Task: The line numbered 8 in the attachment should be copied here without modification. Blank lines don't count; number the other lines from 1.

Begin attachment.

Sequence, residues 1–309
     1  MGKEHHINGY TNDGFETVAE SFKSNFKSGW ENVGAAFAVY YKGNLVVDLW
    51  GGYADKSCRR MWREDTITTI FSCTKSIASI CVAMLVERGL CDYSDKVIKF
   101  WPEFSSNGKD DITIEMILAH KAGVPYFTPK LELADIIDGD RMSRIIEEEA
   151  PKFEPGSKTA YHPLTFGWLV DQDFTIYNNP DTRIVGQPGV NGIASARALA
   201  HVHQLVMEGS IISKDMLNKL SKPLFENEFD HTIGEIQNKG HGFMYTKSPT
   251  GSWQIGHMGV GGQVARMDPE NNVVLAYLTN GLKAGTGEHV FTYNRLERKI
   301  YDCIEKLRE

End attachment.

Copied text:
   301  YDCIEKLRE